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Vitamin D – All you need to know Vitamin D is essential for strong bones because it helps the body use calcium from the diet. Traditionally, vitamin D deficiency has been associated with rickets, a bone disorder in which bones soften leading to skeletal deformities, but increasingly, research is revealing the importance of vitamin D in protecting against a host of health problems. The most effective way of acquiring vitamin D is through the sun, however, most dermatologists will recommend using sunscreen which has the effect of protecting the skin from harmful rays of the sun but prevents the skin’s ability to produce vitamin D, consequently a large proportion of the world’s population are now potentially at risk from low vitamin D levels. Here, The Royal College of Paediatrics and Child Health explains all about Vitamin D and the part it plays in keeping our bodies healthy.

Introduction

There are many different recommendations for the prevention, detection and treatment of Vitamin D deficiency in the UK. The following is a practical interim guide laid out for paediatricians and their teams. The guide will be developed and updated when other bodies such as the Scientific Advisory Committee on Nutrition, the National Institute for Health and Care Excellence, the National Osteoporosis Society and the British Paediatric and Adolescent Bone Group evaluate research and publish their consensus opinions.

What is the natural source of Vitamin D?

Most people get little Vitamin D in their diet. Only a few natural foods such as oily fish and eggs (20 – 40 units per egg) contain significant amounts of Vitamin D. A few foods are fortified with small amounts of Vitamin D (eg margarine and some breakfast cereals). All formula milks are fortified, but plain cow’s milk is not fortified in the UK. Breast milk generally contains little Vitamin D. Sunshine is the main source of Vitamin D. However, Vitamin D can only be made in our skin by exposure to sunlight when the sun is high in the sky. Therefore, in most of the UK from November to February, and in Scotland from October to March, Vitamin D can not be made from sunshine. Whether ingested orally or made in the skin under the action of Ultraviolet light, Vitamin D is converted to 25hydroxyVitaminD in the liver and then on to 1,25-dihydroxyVitaminD in the kidney. It is this which has potent metabolic effects.

There are two types of Vitamin D: Ergocalciferol (Vitamin D2) a plant product and Colecalciferol (Vitamin D3) which is a fish or mammal product. The BNF and many other authorities regard them as interchangeable. However, ‘Activated Vitamin D’ preparations such as Calcitriol or Alfacalcidol should not be used for the treatment of simple Vitamin D deficiency. They should only be used for the treatment of complex cases by specialists. They are ineffective in treating simple Vitamin D deficiency and can cause severe adverse effects, particularly hypercalcaemia. Simple Vitamin D is safe and is the treatment for D deficiency.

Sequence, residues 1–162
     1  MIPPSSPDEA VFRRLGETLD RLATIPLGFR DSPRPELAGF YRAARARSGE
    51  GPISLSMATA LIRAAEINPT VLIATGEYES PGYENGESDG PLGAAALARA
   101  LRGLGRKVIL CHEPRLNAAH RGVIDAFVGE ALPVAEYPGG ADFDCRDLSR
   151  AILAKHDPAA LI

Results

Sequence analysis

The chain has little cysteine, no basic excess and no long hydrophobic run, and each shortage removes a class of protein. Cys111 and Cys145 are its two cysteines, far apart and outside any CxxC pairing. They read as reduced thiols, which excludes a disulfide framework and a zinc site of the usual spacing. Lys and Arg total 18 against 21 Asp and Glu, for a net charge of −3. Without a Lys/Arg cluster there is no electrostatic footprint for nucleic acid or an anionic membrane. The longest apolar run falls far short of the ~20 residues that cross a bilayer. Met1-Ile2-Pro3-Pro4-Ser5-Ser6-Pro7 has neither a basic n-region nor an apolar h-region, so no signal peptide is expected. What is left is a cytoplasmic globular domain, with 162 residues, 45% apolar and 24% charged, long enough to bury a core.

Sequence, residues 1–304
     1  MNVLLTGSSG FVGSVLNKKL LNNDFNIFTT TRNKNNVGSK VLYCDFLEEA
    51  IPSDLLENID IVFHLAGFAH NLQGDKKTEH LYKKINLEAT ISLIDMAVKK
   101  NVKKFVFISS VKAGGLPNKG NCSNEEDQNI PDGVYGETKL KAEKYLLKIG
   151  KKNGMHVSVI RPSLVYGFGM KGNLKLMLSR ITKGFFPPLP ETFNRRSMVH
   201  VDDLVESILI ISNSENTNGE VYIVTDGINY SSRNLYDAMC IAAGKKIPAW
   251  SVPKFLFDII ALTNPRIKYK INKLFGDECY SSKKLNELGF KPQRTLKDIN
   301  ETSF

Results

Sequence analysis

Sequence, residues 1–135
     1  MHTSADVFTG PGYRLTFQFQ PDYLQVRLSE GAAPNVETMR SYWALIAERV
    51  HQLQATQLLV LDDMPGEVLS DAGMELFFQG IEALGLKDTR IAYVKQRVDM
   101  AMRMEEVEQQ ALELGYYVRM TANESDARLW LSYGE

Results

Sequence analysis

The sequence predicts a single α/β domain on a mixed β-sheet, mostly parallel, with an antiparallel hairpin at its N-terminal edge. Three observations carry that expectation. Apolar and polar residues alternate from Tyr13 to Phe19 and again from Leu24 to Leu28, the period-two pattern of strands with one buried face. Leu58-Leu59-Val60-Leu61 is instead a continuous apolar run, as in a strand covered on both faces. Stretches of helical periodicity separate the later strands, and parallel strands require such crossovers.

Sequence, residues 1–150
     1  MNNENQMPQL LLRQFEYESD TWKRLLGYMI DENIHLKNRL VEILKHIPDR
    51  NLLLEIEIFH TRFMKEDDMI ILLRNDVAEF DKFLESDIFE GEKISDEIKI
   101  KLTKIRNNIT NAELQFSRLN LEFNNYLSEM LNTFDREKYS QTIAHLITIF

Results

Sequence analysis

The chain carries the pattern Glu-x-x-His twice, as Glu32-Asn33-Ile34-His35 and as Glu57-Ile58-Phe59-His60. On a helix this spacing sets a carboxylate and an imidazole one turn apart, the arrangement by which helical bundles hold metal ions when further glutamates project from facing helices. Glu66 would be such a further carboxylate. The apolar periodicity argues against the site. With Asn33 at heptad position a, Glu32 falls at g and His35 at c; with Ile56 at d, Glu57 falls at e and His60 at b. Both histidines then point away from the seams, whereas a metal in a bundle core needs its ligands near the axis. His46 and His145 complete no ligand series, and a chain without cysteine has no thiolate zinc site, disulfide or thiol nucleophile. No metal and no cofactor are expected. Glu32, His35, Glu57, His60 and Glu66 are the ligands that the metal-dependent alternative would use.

Vitamin D deficiency

Vitamin D deficiency historically has been defined as a blood level of 25hydroxyVitaminD below 25nmol/L. There is scientific debate about the optimal Vitamin D blood level. Current practice in the UK, as recommended by the British Paediatric and Adolescent Bone Group, is to continue to use that as the defined level of deficiency, and to define ‘insufficiency’ as between 25 and 50 nmol/L. Some laboratories and authorities use higher levels but this current practice is based on robust evidence of benefits to bone health when levels are more than 50nmol/L. Vitamin D deficiency can cause seizures and cardiomyopathy in infants, rickets and poor growth in children and muscle weakness at any age.

HEALTH ARTICLE

Podiatry Review Vol 71:3

Who is likely to get Vitamin D deficiency?

People particularly at risk are those with:

1. Increased need:

• pregnant and breastfeeding women • infants • twin and multiple pregnancies • adolescents • obesity

2. Reduced sun exposure:

• northern latitude, especially above 50 degrees latitude (eg UK) • season – in winter and spring • Asian and African people – dark skin needs more sunshine to make Vitamin D • wearing concealing clothing • immobility, eg inpatients or those with conditions like cerebral palsy • excessive use of sun block – most block UVB more than UVA

3. Limited diet (but remember

sunshine is most important source of Vitamin D):

• vegetarians and vegans • prolonged breastfeeding – even if mother has sufficient Vitamin D • exclusion diets – eg milk allergy • malabsorption • liver disease • renal disease • some drugs – eg Anticonvulsants, Anti-TB drugs page 22

Podiatry Review May/June 2014  

Volume 71 number 3 ISSN 1756-3291

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